Plexiglass + holesaw = broken plexiglass?

Discussion in 'Workshop Tips and Secrets / Tools' started by Jonny C, Sep 23, 2019.

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  1. Sep 23, 2019 #1

    Jonny C

    Jonny C

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    Hi all, I need to cut a circular hole in a 1/8" thick plexiglass canopy in order to fit a latching mechanism. The hole diameter is 1.5".

    I've only got one chance at this and I don't have an offcut on which to practise!

    Has anybody tried this? Is it even possible?

    I can drill a pilot hole with my plexiglass drill bit so that's no problem. But the moment the holesaw itself makes contact I'm concerned that however gentle I am the plexiglass is going to crack. The teeth on the standard holesaw just don't look right for plexiglass. How about a diamond holesaw for glass/tiles - or would that just clog up?

    Thanks for any suggestions (I suspect I know the answer: don't even think about it!)
     
  2. Sep 23, 2019 #2

    Hephaestus

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    Template and plunge router. Get a proper plastics bit.

    Hole saw you're huge risk of cracks/breakage
     
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  3. Sep 23, 2019 #3

    pictsidhe

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    Buy a sheet of 'scrap' from your local bigbox
     
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  4. Sep 23, 2019 #4

    BoKu

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    Step one is to ensure that the acrylic is at least 70 degrees F (21 C). Cold acrylic is much more prone to cracking when drilled or cut.

    Step two is to obtain a collection of acrylic scrap to practice your cutting and drilling techniques. You say you don't have one, and that's fine, but I would stand down until you can get one.

    For the holesaw pilot hole, use an acrylic bit of the appropriate size.

    For the holesaw blade, I would recommend against using a standard toothed one. Instead, I would use an abrasive grit blade such as one of these: https://www.mcmaster.com/4194a16. I would turn it as slowly as possible. But again, try it on a scrap before using it on your flight article.
     
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  5. Sep 23, 2019 #5

    D Hillberg

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    1.5" steel tube. heat to cherry red = nice hole trim with Dremal tool.... no cracking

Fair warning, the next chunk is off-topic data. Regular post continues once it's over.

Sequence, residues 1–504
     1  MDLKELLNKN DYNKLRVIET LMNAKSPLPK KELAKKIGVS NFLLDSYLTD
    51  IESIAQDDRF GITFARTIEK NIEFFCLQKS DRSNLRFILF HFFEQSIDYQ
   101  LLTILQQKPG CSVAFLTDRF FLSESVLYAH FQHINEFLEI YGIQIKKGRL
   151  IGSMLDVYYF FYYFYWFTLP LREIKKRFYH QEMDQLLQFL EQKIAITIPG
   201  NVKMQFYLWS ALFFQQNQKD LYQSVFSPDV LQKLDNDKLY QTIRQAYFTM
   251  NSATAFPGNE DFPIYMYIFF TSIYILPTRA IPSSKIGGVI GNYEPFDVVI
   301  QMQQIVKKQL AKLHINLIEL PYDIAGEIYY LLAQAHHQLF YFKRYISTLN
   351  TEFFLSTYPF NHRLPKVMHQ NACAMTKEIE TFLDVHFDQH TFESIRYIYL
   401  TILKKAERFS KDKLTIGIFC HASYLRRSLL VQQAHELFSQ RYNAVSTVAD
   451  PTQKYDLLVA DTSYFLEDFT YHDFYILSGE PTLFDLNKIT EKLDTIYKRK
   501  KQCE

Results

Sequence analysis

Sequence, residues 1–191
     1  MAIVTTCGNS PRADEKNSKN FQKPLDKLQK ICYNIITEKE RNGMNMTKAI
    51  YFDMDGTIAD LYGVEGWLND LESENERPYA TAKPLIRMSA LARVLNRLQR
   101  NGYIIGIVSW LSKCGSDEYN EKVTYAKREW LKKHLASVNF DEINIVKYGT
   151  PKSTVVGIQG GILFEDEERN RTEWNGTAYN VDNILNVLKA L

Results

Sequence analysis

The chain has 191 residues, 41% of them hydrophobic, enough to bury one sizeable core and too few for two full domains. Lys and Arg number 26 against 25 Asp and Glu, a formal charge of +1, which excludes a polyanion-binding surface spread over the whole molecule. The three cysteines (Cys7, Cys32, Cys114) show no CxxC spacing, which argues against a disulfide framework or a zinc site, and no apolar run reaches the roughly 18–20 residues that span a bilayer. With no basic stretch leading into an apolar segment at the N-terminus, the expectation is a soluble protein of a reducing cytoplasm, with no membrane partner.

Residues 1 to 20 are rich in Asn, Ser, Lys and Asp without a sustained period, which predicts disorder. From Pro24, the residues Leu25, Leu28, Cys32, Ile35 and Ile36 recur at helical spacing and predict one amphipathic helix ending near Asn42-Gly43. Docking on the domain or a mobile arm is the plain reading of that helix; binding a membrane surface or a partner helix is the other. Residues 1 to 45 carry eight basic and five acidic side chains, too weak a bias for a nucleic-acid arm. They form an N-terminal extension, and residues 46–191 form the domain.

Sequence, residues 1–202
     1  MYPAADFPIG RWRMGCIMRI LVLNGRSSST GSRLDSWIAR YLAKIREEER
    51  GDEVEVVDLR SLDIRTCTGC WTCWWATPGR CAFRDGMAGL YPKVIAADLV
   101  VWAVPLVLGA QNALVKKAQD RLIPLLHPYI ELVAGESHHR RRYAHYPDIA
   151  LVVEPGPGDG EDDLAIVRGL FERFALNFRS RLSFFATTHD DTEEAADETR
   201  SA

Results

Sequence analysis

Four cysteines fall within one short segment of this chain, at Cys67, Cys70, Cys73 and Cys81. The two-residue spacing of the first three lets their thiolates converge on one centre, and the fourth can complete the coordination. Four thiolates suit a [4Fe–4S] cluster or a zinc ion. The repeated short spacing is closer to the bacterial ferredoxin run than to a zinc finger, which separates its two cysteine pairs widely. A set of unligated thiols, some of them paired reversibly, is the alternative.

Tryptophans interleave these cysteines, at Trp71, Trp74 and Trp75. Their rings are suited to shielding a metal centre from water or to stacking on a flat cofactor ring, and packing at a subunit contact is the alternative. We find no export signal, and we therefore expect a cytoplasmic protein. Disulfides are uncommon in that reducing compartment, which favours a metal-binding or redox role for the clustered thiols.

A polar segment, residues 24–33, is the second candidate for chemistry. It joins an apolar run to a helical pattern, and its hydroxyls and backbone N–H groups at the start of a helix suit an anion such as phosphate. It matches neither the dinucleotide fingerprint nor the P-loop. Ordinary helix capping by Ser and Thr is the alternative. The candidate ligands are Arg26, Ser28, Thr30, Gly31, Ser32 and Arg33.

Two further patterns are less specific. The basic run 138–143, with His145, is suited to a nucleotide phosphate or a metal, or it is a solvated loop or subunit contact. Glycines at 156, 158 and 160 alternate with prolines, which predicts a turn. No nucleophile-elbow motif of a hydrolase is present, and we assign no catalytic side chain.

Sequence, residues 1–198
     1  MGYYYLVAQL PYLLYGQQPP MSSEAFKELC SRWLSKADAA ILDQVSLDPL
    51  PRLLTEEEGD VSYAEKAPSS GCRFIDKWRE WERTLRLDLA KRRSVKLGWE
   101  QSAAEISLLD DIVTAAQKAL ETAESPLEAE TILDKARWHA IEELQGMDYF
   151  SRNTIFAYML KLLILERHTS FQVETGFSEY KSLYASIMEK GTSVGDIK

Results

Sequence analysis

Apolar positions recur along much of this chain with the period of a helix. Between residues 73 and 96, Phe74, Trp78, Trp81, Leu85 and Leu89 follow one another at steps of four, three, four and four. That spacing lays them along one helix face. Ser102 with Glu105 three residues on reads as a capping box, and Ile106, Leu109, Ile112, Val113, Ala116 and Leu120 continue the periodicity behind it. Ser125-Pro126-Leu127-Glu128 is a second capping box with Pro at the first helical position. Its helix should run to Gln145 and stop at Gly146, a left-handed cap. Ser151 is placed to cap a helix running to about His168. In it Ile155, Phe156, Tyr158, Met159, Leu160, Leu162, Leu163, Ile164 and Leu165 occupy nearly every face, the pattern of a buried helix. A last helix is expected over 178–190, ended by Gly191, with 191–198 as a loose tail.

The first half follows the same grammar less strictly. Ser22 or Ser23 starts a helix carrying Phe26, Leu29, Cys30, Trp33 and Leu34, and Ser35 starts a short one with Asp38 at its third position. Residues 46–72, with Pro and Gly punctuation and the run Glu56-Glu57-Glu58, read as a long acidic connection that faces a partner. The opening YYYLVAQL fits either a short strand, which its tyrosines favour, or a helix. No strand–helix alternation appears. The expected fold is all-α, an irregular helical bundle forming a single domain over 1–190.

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  6. Sep 23, 2019 #6

    BoKu

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    Try it on scrap first, and cool it down to minimum service temperature to see what happens. Thermal cutting operations like that often lock in stresses that result in cracks later in service.
     
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  7. Sep 23, 2019 #7

    Dana

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    I've cut plexiglass with a holesaw with no problems. Spin it real slow so it doesn't melt the plastic.
     
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  8. Sep 23, 2019 #8

    narfi

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    I wonder if you could get an affordable unibit that size?
     
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  9. Sep 23, 2019 #9

    Aerowerx

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    Keep in mind that a standard hole saw isn't that precise as to the diameter, because of the saw tooth kerf. That abrasive one looks like it might be a problem.

    If you need "just about" it would be OK, but if you need a nice fit measure carefully before cutting no matter what type of saw you use. And certainly buy some acrylic to practice on (You spent how much on your plane, and you are worried about buying a small practice piece?)

    I wonder if a Forstner bit would work? They are more precise than a standard hole saw.
     
  10. Sep 23, 2019 #10

    Hephaestus

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    Why I recommended the template and router above.

    Drilling flat Plexi/acrylic/polycarbonate is fairly easy. But start throwing curves into it and that big honking holesaw starts getting wierd pressure points and it gets a little wonky. Even irregularities in sheets makes for funky cutting.